On Markets & Investing

Monthly Stock Idea Lab (MSIL) #3 - June 2023

bookshelves with books with lamps
2 July 2023

Your food diet is the first step towards a healthy lifestyle

Welcome to the third edition of the Monthly Stock Idea Lab publication. My goal is to save you time by curating exciting value opportunities. I truly believe that just by honing in on better options, you can significantly boost your investment results. That means rejecting 90% of stocks, doing more work on the remaining 10% and rejecting 90% of those.

No matter how smart you are, you will struggle to intelligently predict which cryptocurrency will do better in one year (Bitcoin or Ethereum, for example). It is the same with dining out. If a restaurant offers only burgers and fish & chips, you cannot make a healthy choice there. Avoiding junk food is the first step to a healthier life. It is the same in investing: by staying away from the meme or thematic stocks (remember, Beyond Meat or Peloton), you make the first step in the right direction.
The simple way to check if you are consuming “junk food” as an investor is to ask yourself how confident you are about a company’s future cash flow and how much imagination you require to justify the current price. Some businesses are going through so many changes that it is hard to have any visibility about their FCF in the future. Others may have a more recurring business model, and their FCF is more predictable, but you would have to believe in an extraordinary future when all their projects succeed and no competitor challenges their positions ever to justify their valuation.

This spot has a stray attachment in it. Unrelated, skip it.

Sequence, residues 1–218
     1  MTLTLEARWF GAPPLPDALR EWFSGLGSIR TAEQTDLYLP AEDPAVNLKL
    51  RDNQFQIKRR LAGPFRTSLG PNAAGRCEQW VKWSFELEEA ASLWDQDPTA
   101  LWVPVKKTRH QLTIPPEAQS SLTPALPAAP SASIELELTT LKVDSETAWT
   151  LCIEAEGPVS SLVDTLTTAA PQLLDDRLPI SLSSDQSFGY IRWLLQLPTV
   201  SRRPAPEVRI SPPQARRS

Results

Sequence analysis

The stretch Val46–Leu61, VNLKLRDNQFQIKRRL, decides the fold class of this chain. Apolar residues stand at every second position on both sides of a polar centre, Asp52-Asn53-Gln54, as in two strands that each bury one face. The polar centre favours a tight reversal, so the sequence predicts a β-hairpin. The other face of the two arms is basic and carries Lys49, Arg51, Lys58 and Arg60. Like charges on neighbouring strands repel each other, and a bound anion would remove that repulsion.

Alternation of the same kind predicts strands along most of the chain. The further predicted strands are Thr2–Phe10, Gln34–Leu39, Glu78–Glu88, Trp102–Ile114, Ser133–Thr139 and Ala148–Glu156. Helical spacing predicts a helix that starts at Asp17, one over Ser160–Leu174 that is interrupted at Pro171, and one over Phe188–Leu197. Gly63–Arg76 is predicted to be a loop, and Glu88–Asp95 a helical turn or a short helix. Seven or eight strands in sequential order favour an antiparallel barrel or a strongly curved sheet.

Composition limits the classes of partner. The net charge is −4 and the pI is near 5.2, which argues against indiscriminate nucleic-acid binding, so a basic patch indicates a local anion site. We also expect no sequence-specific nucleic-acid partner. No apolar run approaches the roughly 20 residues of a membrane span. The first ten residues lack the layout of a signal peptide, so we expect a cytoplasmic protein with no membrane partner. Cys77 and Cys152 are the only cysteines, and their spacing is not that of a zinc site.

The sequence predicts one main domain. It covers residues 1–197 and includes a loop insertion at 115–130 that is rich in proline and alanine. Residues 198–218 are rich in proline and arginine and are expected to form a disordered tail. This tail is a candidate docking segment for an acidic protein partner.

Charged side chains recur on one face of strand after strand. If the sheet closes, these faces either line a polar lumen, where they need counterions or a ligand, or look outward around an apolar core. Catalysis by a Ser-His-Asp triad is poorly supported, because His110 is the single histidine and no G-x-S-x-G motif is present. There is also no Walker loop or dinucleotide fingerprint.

If the asset is not generating cash flow, its price will depend on what others are willing to pay for it in the future. So your decision to buy this asset today is based on the assumption that others will be willing to pay more later. It is a different game. Still possible to make money, but it is much harder. At least for me. The wealthiest people have owned real businesses, not speculated about future asset prices.

Billionaire Joel Greenblatt, the author of several best-selling books, put it well:
“Choosing individual stocks without any idea of what you’re looking for is like running through a dynamite factory with a burning match. You may live, but you’re still an idiot.”

June’s MSIL stocks have at least one issue in common

The common themes among the ideas in June’s MSIL are high insider ownership, with the founder or his direct heir playing an active role in the company. Generally strong business economics (high margins, high returns on capital, low debt) and attractive long-term growth prospects (I am taking a pause with commodity investments for now).

However, since most of these quality characteristics are easily identifiable by the market, you must make the second step: understand whether the price is right. All the companies I present today are experiencing some problems, and their stocks are trading below all-time highs (sometimes considerably so). So, no Nvidia or Apple stock today, as you have guessed.

To be clear, there is some negative momentum in the stocks from today’s menu. That means that their prices will likely be lower in the near term. Unless, of course, you have perfect timing skills and can successfully pick the bottom.

Think of this as a price we, value investors, have to pay to own good businesses, benefit from the compounding effect as they reinvest their earnings and capture additional upside from re-rating once the broader market realises that the problems were temporary.

Before I present this month’s ideas, let me make two observations regarding Biglari Holdings and Walgreen Boots, which I profiled in earlier editions.

Updates on past stock ideas

You might remember one of the ideas in my last month’s edition was Biglari Holding, a company controlled by a 45-year US investor and businessman, Sardar Biglari. It turned out to be a highly controversial stock idea, with many people either in a “hate” or “love” camp (mainly in the former). A UK-based value investor Andrew Hollingworth, from Holland Advisors, compares the leadership style of Mr Biglari to that of Mike Ashley from Frasers Group (former Sports Direct). Biglari Holding is the biggest position in Andrew’s fund.